10 Facts About Japan That Will Amaze Inexperienced Travelers

Living in the United States is great. We have beautiful national parks, plenty of beaches, and we’re given a lot of freedoms that many other countries don’t have. Living in America has great advantages, but it’s as if every other country is alien to us. Take Japan, for example. It’s on the opposite side of the world and the way they live is different from the way we live in America. Keep scrolling to find out exactly how different living in Japan truly is.

They have smart toilets that can detect your blood pressure, urine, protein, body fat, and weight in one sitting.

Unnecessary trips to the doctor are a thing of the past. Not only that, but you can keep track of your own health and make adjustments when necessary.

Japanese fashion is out of this world!

Take a stroll through Japan’s Akihabara district and you’ll feel like you’ve landed on another planet. People walk around dressed as future-retro sci-fi steampunks and…maids? Whatever makes you feel good.

Don’t buy fruit in Japan, unless you want to pay an arm and a leg.

This square watermelon costs a whopping $212! That better be the best-tasting watermelon in existence.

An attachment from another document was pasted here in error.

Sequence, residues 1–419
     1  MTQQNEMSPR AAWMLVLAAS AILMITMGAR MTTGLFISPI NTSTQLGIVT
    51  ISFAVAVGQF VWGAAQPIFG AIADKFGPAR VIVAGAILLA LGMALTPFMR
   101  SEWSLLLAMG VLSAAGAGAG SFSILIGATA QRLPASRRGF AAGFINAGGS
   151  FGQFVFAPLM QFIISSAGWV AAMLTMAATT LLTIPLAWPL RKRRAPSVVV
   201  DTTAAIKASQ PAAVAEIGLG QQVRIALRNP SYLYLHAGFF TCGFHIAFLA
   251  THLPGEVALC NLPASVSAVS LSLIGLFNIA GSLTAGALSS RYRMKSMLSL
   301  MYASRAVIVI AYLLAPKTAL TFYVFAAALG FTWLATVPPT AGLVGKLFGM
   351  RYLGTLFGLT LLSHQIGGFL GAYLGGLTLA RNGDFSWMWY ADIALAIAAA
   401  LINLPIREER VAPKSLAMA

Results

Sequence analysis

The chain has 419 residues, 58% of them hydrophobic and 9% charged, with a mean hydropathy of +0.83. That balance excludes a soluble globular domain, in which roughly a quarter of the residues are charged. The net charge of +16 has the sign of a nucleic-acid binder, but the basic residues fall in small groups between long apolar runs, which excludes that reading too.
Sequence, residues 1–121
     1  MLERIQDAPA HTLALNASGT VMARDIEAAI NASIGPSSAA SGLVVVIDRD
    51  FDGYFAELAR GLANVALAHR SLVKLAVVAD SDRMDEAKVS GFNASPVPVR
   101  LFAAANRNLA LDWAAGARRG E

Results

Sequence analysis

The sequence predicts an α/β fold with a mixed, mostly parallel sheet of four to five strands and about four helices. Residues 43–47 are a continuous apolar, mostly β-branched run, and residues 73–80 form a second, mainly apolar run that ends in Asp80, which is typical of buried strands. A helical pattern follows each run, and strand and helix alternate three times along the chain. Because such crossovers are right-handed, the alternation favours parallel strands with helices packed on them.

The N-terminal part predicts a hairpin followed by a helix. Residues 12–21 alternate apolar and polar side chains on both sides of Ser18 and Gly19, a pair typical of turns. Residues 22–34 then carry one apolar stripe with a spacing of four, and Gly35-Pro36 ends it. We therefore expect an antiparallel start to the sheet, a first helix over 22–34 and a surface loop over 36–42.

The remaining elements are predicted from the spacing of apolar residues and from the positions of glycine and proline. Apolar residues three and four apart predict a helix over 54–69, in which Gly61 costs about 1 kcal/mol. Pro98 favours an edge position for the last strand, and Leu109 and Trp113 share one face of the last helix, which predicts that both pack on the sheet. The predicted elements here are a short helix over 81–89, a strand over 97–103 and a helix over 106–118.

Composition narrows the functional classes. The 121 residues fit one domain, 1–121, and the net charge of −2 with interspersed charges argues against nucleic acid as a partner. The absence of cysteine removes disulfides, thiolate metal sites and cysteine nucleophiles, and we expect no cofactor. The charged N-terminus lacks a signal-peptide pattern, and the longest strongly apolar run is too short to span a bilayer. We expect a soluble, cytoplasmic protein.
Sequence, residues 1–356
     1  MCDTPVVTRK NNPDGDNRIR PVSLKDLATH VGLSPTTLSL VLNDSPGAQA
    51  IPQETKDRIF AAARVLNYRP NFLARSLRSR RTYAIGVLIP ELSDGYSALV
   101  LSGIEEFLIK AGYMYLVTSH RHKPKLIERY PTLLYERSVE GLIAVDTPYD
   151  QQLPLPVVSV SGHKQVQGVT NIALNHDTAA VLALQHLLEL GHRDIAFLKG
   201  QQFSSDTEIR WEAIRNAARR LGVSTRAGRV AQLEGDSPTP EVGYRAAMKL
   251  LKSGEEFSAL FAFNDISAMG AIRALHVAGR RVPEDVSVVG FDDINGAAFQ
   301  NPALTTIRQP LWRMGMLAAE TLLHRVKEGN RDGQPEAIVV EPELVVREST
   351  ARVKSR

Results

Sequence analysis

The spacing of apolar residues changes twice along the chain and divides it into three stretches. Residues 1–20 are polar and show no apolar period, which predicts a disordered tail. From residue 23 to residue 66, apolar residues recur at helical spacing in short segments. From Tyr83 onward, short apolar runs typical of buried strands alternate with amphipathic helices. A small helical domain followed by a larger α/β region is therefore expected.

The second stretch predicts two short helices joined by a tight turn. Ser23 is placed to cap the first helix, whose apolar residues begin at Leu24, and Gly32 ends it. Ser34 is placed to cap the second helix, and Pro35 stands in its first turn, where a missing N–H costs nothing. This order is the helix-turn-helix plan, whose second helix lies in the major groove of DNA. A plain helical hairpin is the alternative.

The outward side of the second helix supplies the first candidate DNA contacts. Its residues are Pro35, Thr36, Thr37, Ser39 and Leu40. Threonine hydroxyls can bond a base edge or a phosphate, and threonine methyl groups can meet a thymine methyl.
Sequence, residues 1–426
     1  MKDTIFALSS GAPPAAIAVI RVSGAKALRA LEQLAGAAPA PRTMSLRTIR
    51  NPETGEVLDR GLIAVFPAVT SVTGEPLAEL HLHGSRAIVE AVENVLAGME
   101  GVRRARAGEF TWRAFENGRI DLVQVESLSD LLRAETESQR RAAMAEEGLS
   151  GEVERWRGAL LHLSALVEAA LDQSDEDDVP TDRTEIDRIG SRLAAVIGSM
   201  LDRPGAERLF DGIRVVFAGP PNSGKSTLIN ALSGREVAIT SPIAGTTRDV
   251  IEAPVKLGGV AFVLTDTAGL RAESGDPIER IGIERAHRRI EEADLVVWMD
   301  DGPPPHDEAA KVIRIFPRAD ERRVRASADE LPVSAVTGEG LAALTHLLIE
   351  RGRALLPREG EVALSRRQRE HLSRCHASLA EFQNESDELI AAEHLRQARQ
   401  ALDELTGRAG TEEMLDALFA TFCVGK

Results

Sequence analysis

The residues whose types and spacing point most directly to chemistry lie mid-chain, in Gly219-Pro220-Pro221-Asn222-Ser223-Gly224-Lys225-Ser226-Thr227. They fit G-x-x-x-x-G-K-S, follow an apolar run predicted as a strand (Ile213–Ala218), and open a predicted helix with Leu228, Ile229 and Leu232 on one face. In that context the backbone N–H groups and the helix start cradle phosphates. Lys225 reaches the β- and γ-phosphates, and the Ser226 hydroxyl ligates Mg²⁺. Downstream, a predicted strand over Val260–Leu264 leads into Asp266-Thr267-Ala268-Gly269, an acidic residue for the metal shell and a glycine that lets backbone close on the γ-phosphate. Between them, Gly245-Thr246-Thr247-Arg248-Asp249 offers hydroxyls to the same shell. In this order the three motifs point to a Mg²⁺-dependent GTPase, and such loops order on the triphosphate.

Japanese people exchange money with great respect.

Vendors use both hands when giving you your change, or they set it neatly on a tray.

Comfort is key in Japan.

Even their movie theaters are meant to keep people comfortable. The city of Tokorozawa recently opened up a theater that makes you feel right at home with its traditional kotatsu tables with heating elements underneath.

Many store owners in Japan display two prices for one item.

Unlike in America, where the sales tax is added to the price of the item, Japanese people count it separately.

When workers strike in Japan they benefit the people.

Bus drivers in Okayama, Japan recently went on strike. Instead of not working at all, they decided to continue working, but not charge passengers any money. This way they’re making the company pay and not the people. Americans would do it a bit differently.

Train stations look a bit different in Japan.

Instead of people running into each other and trying to fight to get on the train, passengers in Japan line up in a nice organized fashion. Must be nice not to be trampled on while waiting for a train.

Japan doesn’t play around when it comes to food.

Whatever it is that you order will look exactly like it does on the menu. Must be nice. I can’t tell you how many times I’ve ordered something that looked like it came out of a bathroom instead of a kitchen.

The city streets are extremely well looked after and clean.

It’s rare to see trash on the ground there. Japanese people are taught to be respectful and not leave their trash behind.

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